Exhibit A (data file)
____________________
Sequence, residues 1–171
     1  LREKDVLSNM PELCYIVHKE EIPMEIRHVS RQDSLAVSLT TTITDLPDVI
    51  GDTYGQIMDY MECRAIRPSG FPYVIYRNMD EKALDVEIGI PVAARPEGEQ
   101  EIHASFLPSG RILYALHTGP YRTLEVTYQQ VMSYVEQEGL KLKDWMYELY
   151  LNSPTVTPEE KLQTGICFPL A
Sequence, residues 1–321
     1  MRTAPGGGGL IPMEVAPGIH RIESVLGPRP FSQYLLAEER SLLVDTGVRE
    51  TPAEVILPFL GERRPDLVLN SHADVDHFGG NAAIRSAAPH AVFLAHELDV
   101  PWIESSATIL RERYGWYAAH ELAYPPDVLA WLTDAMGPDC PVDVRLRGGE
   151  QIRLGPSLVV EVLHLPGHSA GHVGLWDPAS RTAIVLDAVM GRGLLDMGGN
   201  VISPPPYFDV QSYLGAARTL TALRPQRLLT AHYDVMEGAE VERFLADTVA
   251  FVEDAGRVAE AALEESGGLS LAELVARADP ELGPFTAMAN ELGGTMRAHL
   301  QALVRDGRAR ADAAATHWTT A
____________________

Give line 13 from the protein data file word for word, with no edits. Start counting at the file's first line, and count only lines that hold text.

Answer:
   301  QALVRDGRAR ADAAATHWTT A